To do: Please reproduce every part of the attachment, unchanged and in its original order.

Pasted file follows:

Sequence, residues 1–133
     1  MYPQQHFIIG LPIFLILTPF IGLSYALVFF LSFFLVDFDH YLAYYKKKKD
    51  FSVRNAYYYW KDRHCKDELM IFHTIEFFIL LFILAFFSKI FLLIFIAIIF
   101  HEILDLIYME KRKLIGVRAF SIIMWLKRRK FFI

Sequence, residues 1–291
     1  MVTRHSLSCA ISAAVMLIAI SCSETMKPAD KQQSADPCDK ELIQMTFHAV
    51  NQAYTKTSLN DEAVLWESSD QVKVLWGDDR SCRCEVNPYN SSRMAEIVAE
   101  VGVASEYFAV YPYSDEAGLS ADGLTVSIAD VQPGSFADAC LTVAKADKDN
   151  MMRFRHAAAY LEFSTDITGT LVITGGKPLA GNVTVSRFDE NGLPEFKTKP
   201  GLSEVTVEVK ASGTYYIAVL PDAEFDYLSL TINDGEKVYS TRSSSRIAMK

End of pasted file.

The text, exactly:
Sequence, residues 1–133
     1  MYPQQHFIIG LPIFLILTPF IGLSYALVFF LSFFLVDFDH YLAYYKKKKD
    51  FSVRNAYYYW KDRHCKDELM IFHTIEFFIL LFILAFFSKI FLLIFIAIIF
   101  HEILDLIYME KRKLIGVRAF SIIMWLKRRK FFI

Sequence, residues 1–291
     1  MVTRHSLSCA ISAAVMLIAI SCSETMKPAD KQQSADPCDK ELIQMTFHAV
    51  NQAYTKTSLN DEAVLWESSD QVKVLWGDDR SCRCEVNPYN SSRMAEIVAE
   101  VGVASEYFAV YPYSDEAGLS ADGLTVSIAD VQPGSFADAC LTVAKADKDN
   151  MMRFRHAAAY LEFSTDITGT LVITGGKPLA GNVTVSRFDE NGLPEFKTKP
   201  GLSEVTVEVK ASGTYYIAVL PDAEFDYLSL TINDGEKVYS TRSSSRIAMK